The unique thing about Johnson’s 2016 season with the Arizona Cardinals is that he was being targeted downfield as a receiver at one of the highest rates we’ve ever seen.
Highest average depth of target for a running back in a single season since 2015 (min. 50 targets)
|Player||Season||ADOT in yards|
|Duke Johnson Jr.||2019||3.6|
The first thing that pops out is Johnson with the top two spots on the list in back-to-back seasons, but it’s also noteworthy that two Texans’ running backs — Ellington in 2017 and Duke Johnson last season — make an appearance. I think Houston could try to get both on the field a fair amount and that they give David Johnson snaps lined up at wide receiver, where he made multiple downfield receptions through the first six weeks of the 2019 season.
Johnson’s 677 receiving yards when lined up at wide receiver over the past five seasons are more than any other running back in the league, even with the missed time.
He has recorded 80 or more receiving yards just twice in the past three seasons and seven times total in his career, but this is a good spot for him to do it again. Johnson was getting back to the receiver he was earlier in his career before the injury last year, and no team allowed more receiving yards to running backs in 2019 than Kansas City (836). It doesn’t hurt that the game script should be in his favor, with the Chiefs projected to put up points early and often.
Rookie linebacker Willie Gay Jr. should help them in that department with his coverage ability and athleticism, but this will also be his first NFL game after limited playing time at the college level. This is a good opportunity for Johnson to silence some of his doubters in primetime.
Bold Prediction #3: Kansas City’s offense scores two touchdowns of 50 or more yards
Predicting good things from the Kansas City offense can hardly be considered bold, but I think this is far enough down the range of outcomes that it qualifies. Last season, the Chiefs' offense tied for third in the NFL with six touchdowns of 50 or more yards during the regular season, and there were only six instances where a team put up two offensive touchdowns of 50 or more yards in a single game — none of which involved Kansas City.
That said, this offense is as explosive as they come. Over the past two seasons with Patrick Mahomes, the Chiefs’ offense has racked up 119 plays that netted 25 or more yards — 12 more than any other offense and just one of three teams at 100 or more. This isn’t all about the Chiefs’ offense seemingly being due for more long scores, though. The opening matchup against the Texans’ defense sets up well for Kansas City offensively.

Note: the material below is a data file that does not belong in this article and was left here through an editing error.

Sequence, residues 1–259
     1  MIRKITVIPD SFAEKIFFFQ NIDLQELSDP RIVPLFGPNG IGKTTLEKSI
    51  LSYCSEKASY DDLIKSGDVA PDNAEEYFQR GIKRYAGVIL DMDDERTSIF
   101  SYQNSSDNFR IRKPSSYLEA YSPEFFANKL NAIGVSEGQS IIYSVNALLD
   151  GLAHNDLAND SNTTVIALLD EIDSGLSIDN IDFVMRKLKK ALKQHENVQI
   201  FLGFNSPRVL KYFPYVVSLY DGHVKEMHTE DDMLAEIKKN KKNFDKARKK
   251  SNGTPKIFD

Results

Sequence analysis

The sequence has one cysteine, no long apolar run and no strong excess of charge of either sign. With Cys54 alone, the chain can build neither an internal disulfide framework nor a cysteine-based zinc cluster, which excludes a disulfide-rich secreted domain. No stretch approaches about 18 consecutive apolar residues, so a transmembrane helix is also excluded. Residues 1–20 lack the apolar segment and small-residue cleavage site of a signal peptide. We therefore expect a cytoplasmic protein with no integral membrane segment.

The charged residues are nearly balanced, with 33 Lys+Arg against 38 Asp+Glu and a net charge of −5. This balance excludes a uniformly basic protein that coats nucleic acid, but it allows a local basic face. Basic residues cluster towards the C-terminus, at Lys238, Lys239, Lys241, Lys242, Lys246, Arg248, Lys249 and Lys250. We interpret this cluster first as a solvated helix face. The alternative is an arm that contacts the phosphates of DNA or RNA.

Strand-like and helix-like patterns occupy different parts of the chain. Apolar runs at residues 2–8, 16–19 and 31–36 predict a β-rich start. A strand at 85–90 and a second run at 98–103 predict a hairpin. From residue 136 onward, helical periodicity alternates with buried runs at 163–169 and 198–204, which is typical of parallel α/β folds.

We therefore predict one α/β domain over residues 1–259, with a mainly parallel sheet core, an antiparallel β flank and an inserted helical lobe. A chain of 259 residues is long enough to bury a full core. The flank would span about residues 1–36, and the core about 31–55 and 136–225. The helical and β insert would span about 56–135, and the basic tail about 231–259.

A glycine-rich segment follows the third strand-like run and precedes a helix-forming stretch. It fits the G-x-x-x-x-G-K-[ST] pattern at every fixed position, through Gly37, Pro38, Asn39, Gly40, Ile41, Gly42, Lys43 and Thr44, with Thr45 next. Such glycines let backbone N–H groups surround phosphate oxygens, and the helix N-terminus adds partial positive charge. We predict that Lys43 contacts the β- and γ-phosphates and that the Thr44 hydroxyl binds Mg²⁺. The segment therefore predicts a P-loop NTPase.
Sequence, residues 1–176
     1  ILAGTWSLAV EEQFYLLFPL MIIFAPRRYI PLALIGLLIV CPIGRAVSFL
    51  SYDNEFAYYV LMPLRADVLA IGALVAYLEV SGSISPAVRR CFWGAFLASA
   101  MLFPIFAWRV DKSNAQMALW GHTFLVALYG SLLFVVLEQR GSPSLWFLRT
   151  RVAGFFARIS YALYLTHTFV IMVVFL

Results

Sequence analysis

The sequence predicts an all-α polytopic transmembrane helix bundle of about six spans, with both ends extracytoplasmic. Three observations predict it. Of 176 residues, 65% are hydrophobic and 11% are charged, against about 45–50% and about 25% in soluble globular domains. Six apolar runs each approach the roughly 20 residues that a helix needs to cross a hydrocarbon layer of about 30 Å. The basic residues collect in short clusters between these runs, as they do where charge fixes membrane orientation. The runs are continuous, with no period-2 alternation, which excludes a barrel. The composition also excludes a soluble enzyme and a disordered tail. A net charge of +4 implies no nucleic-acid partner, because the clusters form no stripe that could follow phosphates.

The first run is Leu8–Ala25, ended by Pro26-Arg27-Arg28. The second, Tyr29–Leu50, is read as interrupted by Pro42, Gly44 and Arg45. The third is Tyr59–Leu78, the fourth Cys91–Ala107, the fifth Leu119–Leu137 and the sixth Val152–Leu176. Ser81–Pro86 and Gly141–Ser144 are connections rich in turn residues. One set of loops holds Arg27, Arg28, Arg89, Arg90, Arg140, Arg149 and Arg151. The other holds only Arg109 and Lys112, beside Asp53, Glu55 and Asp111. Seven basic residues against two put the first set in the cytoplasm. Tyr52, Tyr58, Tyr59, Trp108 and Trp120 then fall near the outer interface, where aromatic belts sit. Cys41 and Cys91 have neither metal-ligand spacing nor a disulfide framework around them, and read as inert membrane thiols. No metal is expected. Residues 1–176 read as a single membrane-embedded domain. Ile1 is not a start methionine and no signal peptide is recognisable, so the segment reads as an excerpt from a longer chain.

Gareon Conley will start the 2020 season on injured reserve, which means Lonnie Johnson Jr. is the likely starter opposite Bradley Roby outside. Johnson’s rookie season — to put it politely — was disappointing. His 30.0 overall grade ranked dead last out of 115 qualifying cornerbacks. He was the only cornerback in that group to grade below 40.0.
Lonnie Johnson Jr.’s coverage stats as a rookie
|Touchdowns allowed||7 (T-6th most)|
|DPI and holding penalties||7 (T-3rd most)|
The numbers in the table above don’t even include his performance in the divisional round against Kansas City. He played primarily at safety, but it was arguably the worst game of his rookie season. Johnson allowed eight receptions on eight targets for 74 yards and two touchdowns while picking up three penalties. The Texans need more out of him in his second season.
In the slot, Houston will employ either Vernon Hargreaves (43.3 coverage grade) or fourth-round rookie John Reid. Eric Murray — who produced a 60.9 PFF coverage grade in 2019 while playing primarily slot cornerback for the Cleveland Browns — is projected to start at strong safety. There are pieces in Houston’s secondary that can be exploited, and the Chiefs are the best-suited team in the NFL to expose defensive weaknesses in the passing game.
One final layer that leads to this prediction is Houston’s tackling woes in 2019. Their 138 missed tackles as a defense last season were fewer than only the Jacksonville Jaguars, Buffalo Bills and Arizona Cardinals. Missed tackles can turn a short gain into a big one in a hurry, especially with the kind of speed that the Chiefs have on offense.
2020 season record to date: 0-0